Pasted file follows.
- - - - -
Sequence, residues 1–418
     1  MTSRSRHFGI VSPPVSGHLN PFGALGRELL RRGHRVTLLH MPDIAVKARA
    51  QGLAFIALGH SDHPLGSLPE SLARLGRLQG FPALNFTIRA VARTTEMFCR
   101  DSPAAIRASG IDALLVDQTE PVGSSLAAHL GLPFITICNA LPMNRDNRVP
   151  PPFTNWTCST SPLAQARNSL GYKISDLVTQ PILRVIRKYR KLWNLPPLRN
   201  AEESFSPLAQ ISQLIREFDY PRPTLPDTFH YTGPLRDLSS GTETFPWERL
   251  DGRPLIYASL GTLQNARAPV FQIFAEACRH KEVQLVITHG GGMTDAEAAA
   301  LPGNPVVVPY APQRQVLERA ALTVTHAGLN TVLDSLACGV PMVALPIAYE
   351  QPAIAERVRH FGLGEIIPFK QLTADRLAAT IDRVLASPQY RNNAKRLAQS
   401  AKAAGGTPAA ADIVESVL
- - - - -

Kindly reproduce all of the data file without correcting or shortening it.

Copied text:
Sequence, residues 1–418
     1  MTSRSRHFGI VSPPVSGHLN PFGALGRELL RRGHRVTLLH MPDIAVKARA
    51  QGLAFIALGH SDHPLGSLPE SLARLGRLQG FPALNFTIRA VARTTEMFCR
   101  DSPAAIRASG IDALLVDQTE PVGSSLAAHL GLPFITICNA LPMNRDNRVP
   151  PPFTNWTCST SPLAQARNSL GYKISDLVTQ PILRVIRKYR KLWNLPPLRN
   201  AEESFSPLAQ ISQLIREFDY PRPTLPDTFH YTGPLRDLSS GTETFPWERL
   251  DGRPLIYASL GTLQNARAPV FQIFAEACRH KEVQLVITHG GGMTDAEAAA
   301  LPGNPVVVPY APQRQVLERA ALTVTHAGLN TVLDSLACGV PMVALPIAYE
   351  QPAIAERVRH FGLGEIIPFK QLTADRLAAT IDRVLASPQY RNNAKRLAQS
   401  AKAAGGTPAA ADIVESVL